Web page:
In 2008, around 3000 people marched on the presidential palace in Kabul to demonstrate against the government's temporary withdrawal of QuestNet's license to operate in Afghanistan. The business started in Afghanistan with around 600 IRs in 2006 and had expanded to 21,000 when the government temporarily withdrew the license to enable it to write operating laws.[37]

The Rwandan Government's Ministry of Finance banned QuestNet in 2009 for violations of company and tax laws after The National Bank of Rwanda described the company as a pyramid scheme which "is collecting money from subscribers in Rwanda and sending it outside to companies called Park King Development and DBS Hong Kong using swift transfer."[38] Citing article 4 of the companies act and articles 9 and 10 of the tax act, Minister James Musoni issued the order forcing Questnet and its IRs to immediately stop all activities.[39] Questnet appealed the ban, and the appeal was granted in 2012, with the condition that it strictly follows the country's laws in the future.[40][41]

Also in 2009, The Sudanese government banned QuestNet after allegations were made relating to poor product quality and the and non-receipt of products.[42][43] After the shut down, another agent wanted to renew Questnet's contract in the Sudan, but the government refused.[citation needed] The same year, the Syrian ministry of economics shut down QuestNet for violating its commercial registration.[44] Ramzy Asawda, Director of Facilitation and Trade Efficiency in the Syrian Ministry of Economy, stated QuestNet had operated a pyramid scheme in Syria, withdrew billions of Syrian pounds from the country, and paid few taxes in return. The shutdown also applies to other agencies of the company.[45]

In 2010 Questnet opened in Turkey with 150 distributors; 80 of which police detained in an investigation that charged 42 with gaining an unfair advantage.[46] In 2011, the Turkish Trade Ministry investigated QNet following complaints that it was a rebrand of Questnet. The Ministry also revealed that Quest was fined TL3.64 million(USD 1.9 million) for its illegal activities in 2010.[47] In 2011, QI Group resumed operations in Turkey with the acquisition of the Dögan Hotel in Antalya.[48][49]

The governments of Egypt, Saudi Arabia. Indonesia, and India have accused QNet of operating a product-based pyramid scheme.[50][51][52][28] Dar al-Ifta issued QNet a Fatwā in 2012 stating its business in Egypt is haram (forbidden under Islamic law) and could harm the country’s economy.[53][54] The same year the Saudi Arabian Ministry of Commerce and Industry banned Qnet, accusing the company of theft, falsification, and failure to register with the ministry, and published an official message warning the Saudi people to avoid involvement in fraudulent schemes operating in the country, mentioning QNet specifically.[55][56]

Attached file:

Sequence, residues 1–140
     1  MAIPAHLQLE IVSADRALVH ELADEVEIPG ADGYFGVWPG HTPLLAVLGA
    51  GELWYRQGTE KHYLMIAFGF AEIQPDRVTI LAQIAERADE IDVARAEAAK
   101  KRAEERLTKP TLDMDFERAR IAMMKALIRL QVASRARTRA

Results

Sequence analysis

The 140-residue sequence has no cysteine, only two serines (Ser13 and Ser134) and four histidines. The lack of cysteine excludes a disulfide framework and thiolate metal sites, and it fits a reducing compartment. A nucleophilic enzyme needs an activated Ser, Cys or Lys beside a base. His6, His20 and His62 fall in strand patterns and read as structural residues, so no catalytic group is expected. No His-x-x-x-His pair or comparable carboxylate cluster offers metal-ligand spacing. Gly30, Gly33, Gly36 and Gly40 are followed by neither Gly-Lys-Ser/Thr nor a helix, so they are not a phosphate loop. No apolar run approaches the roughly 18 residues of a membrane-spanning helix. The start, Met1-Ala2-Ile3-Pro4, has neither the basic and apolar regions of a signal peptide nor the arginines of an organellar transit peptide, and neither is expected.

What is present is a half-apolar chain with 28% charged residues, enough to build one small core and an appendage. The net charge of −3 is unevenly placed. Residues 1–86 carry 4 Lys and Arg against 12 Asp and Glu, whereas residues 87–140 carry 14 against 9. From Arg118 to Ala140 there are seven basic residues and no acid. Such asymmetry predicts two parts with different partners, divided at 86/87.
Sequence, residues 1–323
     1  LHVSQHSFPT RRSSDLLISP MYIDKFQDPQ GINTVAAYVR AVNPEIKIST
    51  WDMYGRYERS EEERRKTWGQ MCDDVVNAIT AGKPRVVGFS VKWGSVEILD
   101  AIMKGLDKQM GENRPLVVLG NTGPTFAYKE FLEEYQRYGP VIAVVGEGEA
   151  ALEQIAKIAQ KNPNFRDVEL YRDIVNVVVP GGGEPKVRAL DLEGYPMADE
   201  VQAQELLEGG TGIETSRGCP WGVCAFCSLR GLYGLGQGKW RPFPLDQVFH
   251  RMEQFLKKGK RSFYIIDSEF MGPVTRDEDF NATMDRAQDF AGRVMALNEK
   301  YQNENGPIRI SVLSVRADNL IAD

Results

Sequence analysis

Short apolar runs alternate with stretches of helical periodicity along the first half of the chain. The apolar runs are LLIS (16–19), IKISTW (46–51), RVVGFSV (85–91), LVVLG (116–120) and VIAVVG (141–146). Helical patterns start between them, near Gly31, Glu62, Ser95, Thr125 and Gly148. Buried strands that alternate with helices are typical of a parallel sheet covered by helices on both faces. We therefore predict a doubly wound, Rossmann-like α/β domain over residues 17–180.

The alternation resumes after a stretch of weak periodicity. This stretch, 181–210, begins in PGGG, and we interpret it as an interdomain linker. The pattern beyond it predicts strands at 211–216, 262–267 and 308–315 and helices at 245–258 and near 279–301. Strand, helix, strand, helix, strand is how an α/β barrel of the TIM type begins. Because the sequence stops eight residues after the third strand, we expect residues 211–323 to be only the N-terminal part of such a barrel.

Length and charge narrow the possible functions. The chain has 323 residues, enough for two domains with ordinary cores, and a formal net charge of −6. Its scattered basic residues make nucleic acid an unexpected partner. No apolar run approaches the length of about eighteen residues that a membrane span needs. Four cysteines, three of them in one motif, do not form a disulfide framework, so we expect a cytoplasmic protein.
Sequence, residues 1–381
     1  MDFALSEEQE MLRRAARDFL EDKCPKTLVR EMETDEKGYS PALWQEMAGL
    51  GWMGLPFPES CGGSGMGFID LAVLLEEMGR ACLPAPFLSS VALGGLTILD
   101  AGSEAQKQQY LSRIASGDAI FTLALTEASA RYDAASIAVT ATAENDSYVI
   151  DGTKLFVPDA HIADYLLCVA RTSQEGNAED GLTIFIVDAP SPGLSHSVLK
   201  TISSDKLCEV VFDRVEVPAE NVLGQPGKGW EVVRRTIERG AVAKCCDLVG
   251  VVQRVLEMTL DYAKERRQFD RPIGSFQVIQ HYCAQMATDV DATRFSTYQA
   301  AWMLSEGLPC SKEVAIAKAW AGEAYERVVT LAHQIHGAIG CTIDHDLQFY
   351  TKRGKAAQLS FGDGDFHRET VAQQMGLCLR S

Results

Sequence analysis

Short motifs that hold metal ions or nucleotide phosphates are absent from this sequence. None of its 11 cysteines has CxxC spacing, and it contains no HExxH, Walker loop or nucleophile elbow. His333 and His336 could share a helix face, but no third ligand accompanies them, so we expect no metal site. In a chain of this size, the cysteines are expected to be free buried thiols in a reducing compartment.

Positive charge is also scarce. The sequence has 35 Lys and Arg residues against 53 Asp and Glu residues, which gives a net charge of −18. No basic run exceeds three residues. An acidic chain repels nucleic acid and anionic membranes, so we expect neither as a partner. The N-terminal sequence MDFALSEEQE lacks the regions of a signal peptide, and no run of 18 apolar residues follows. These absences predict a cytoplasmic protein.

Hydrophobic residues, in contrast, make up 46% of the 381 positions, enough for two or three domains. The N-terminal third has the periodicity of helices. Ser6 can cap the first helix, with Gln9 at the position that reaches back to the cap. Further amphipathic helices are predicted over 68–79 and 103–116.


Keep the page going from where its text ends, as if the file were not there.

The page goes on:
In August 2013, the Economic Offenses Wing (EOW) of the Central Bureau of Investigation of India made the first arrest in the QNet case which began in India in 2008. Members of the company were arrested for cheating and were remanded into police custody till August 22. EOW was probing a suspected fraud committed by the firm. Two teams were sent to Bangalore and Chennai for investigations into this case. The police suspects arrested members to be linked to Vijay Eswaran, considered the prime accused in the QNet case.[57] the case goes on and Cops freeze 6 bank accounts of marketing firm in the same month and arrested member has been sent to judicial custody.[58]

Some recent articles about Qnet in "The Times of India":

EOW registers case against multi-level marekting firm, QNet, for fraud
EOW makes first arrest in QNet case
Cops freeze 6 bank accounts of marketing firm

Bernama does not mention any of the above controversies in its rather glowing articles about Qnet. I hope that they did a very thorough check on Qnet and that they found convincing evidence that Qnet is nothing to blame for all the above controversies. It would be good, in the sake of transparency and credibility, if Bernama would share this evidence with its readers.